Essay about Andrew Jackson, an Ideal President for America
620 WordsDec 19th, 20113 Pages
Andrew Jackson, seventh president of the United States of America, can be debated as either a good president or bad president. But if one were to weigh out the positives and negatives of Andrew Jackson’s presidency, one would realize that his positives outweigh his negatives for a variety of historic facts. Andrew Jackson was a good president because he represented the majority of America’s people by being a common, prevented a civil war when South Carolina threatened to secede from the nation, and because he technically found or instigated the two major parties used in America today (Democratic and Republican). Many Jackson oppositionists despise him because of he is a hypocrite, however America was founded on hypocrisy so as an…show more content…
Jackson is very important because he created or instigated the two dominant political parties we use today (democratic and republican). The beliefs in these parties switched several times in history but initially Jackson was a democrat. The major beliefs in democrats in the 1820s-1850s were the beliefs in a small national government, pro states’ rights, and a strict interpretation of the constitution. The republicans (initially known as the Whigs) essentially opposed all of Jackson’s beliefs and therefore had more or less the complete opposite beliefs of the democrats. By starting these two political parties, he started the way people would categorize political candidates throughout the rest of American history. There are many who are against Andrew Jackson because he is a hypocrite. An example of this is how Jackson states he is against slavery but still owned slaves. One has to understand that America was founded on hypocrisy. Essentially what Jackson is trying to do is to make compromises on situations so he can support both sides of an argument to represent as many people as possible. Conclusively Jackson was a great president because he represented the people of America by being a common man, overcame huge obstacles such as keeping South Carolina from seceding, and by forming the two most popular political parties used in America today, the Democrats and the Republicans. Those who argue that Jackson was a bad president simply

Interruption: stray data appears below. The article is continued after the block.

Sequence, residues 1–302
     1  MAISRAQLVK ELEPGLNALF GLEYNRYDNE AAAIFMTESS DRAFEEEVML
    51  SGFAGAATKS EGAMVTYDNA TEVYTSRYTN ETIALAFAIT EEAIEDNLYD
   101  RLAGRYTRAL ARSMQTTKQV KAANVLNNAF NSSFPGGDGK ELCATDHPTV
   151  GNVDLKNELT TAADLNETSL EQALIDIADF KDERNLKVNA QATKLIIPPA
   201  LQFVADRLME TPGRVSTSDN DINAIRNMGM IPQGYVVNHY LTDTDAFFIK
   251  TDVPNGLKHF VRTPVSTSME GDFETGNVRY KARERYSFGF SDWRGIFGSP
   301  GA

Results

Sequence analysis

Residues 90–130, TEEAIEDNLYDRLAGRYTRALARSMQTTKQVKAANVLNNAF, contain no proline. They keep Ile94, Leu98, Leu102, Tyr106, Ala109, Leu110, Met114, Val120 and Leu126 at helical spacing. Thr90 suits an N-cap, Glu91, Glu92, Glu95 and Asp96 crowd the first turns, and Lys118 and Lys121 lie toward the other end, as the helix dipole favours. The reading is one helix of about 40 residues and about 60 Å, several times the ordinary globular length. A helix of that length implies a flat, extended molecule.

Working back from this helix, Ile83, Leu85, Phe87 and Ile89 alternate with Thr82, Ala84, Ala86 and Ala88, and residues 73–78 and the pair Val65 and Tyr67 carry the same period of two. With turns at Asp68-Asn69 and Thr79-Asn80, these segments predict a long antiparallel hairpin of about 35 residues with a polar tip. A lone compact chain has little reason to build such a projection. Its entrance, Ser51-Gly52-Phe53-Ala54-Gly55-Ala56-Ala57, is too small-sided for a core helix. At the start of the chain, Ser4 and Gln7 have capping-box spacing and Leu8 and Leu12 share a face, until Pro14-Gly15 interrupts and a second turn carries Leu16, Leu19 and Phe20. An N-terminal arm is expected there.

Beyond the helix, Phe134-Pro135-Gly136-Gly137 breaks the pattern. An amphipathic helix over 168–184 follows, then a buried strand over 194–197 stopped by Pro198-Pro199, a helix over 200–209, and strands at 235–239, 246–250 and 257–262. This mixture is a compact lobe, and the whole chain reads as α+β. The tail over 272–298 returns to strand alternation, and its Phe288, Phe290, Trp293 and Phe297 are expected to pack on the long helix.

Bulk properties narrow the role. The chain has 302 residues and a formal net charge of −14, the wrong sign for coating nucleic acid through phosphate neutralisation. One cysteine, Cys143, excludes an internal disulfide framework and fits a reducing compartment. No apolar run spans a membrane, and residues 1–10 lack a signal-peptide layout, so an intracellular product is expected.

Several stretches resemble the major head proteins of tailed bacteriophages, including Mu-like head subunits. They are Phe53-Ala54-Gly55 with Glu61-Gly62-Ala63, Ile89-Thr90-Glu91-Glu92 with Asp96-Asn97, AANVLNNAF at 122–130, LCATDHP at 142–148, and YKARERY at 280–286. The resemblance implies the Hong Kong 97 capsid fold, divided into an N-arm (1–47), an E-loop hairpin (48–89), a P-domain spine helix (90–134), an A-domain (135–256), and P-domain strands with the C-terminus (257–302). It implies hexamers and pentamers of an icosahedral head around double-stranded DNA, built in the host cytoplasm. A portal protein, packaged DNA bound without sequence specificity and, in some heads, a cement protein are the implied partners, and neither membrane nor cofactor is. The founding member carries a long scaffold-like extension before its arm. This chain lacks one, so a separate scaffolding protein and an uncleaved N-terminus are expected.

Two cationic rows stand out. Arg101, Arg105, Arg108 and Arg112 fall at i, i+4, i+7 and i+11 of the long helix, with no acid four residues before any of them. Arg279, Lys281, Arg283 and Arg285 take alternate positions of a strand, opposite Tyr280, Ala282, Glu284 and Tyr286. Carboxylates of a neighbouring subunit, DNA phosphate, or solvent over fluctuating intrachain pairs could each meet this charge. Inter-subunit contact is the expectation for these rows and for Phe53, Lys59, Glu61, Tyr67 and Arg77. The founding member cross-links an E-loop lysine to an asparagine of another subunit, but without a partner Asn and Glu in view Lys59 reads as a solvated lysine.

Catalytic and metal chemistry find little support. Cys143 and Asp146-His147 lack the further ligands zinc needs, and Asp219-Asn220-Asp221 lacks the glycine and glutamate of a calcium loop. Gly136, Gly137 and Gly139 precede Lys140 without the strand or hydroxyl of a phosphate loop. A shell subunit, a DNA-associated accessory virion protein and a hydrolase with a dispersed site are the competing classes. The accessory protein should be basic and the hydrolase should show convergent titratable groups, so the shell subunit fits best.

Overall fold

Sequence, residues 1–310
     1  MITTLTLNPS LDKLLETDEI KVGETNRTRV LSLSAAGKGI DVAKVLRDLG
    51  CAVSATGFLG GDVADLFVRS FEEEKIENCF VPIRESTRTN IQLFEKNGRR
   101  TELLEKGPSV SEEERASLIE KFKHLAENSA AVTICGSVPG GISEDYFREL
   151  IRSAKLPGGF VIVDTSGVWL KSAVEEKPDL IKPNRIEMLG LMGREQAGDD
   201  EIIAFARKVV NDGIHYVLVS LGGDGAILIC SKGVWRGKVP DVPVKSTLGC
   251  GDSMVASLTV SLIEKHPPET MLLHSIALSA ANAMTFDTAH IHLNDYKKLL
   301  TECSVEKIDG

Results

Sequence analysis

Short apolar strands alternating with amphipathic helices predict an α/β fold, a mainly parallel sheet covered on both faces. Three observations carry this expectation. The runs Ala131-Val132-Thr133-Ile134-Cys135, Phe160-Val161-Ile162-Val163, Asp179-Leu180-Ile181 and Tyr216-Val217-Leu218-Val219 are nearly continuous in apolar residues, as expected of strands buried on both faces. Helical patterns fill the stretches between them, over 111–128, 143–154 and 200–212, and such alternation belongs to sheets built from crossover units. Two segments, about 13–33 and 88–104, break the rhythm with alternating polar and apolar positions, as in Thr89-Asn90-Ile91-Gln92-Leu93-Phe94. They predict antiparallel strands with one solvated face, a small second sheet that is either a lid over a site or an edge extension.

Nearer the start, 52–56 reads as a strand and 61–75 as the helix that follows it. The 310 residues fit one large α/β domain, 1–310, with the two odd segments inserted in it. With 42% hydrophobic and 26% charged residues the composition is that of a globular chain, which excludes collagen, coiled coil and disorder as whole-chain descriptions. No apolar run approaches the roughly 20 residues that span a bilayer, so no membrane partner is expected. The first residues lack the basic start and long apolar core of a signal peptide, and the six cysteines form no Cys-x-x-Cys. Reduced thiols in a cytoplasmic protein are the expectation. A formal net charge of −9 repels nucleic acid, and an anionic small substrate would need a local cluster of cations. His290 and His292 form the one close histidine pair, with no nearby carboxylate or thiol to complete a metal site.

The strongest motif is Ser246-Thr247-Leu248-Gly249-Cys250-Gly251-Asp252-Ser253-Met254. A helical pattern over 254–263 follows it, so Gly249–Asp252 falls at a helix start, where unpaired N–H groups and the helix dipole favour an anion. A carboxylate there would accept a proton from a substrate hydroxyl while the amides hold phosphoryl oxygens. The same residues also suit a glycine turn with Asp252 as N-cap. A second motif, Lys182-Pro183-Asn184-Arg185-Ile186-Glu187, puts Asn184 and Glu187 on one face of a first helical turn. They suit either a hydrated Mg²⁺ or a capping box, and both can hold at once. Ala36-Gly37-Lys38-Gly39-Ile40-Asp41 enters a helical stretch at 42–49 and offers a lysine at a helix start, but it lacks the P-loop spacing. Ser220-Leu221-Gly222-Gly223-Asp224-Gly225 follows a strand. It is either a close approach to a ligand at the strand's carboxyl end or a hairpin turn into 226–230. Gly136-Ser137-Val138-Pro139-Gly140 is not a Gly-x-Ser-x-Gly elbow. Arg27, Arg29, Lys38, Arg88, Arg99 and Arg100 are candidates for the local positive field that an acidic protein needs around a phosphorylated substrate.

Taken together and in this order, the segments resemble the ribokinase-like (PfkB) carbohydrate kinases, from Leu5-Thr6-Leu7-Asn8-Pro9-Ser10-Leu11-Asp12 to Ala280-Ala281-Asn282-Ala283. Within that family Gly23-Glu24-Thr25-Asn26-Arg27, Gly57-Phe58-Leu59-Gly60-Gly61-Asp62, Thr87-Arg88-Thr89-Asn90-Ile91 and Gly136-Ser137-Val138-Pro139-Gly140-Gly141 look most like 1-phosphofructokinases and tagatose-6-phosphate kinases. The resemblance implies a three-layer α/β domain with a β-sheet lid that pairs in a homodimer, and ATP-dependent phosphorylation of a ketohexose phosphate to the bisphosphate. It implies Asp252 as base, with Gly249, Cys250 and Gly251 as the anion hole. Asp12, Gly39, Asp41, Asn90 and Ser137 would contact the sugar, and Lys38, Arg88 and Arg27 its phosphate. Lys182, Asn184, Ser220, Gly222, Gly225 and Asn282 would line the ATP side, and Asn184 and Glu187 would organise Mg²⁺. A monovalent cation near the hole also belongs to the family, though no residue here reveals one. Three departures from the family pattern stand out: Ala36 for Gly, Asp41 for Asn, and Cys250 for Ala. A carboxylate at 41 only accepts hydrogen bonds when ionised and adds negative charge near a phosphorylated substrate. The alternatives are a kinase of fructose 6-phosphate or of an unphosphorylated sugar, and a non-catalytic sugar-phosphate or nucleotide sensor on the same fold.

The Presidency and Ideologies of Andrew Jackson Essay
927 Words4 Pages
Andrew Jackson’s Ideologies and presidency engulf a large part of the 19th century. In his plight to rid the country of corruption he not only transformed the American system, but he also motivated others to reform society. Robert Remini’s stated that “reformers were intent on raising the life of man by putting it in harmony with his idea of the Beautiful and the Just.” This statement truly explains the different reforms that develop politically, economically, socially, and culturally during the Jackson era. This paper had talk about the changes made during the Jacksonian Era’s and explain how the reform’s had aided and injured the United States society.
Reforms in Politics Political reforms during the Jackson era occurred to…show more content…
The reason why this act was looked upon negatively is because he replaced most of the position in his administration cabin with less experienced, like minded person. The Nullification Crisis and the Maysville Road veto were other controversial moments for the Jackson Era. The Nullification Crisis expanded the powers of government. The Nullification Crisis made limited or nullified state laws, if it hinders federal laws from being incorporated in any state of the union. The Nullification Crisis also brought about the Force Act. Meaning that if any state tried to break away or prohibit a federal law to be passed, the government has the right to come in the state and forceful detain the rebels in the state. The Maysville Road veto limited the federal government spending in the country. The government founding was veto for this project because it would only help one or two states not the nation as a whole.
Reforms in the Economy Economic reforms during the Jackson era were both helpful and harmful to the fabric of the American society. The helpful reforms ended a monopoly of the national federal bank and somewhat unified the American currency. The Specie Circular act protected government lands from corrupt speculator who were buying up the land with worthless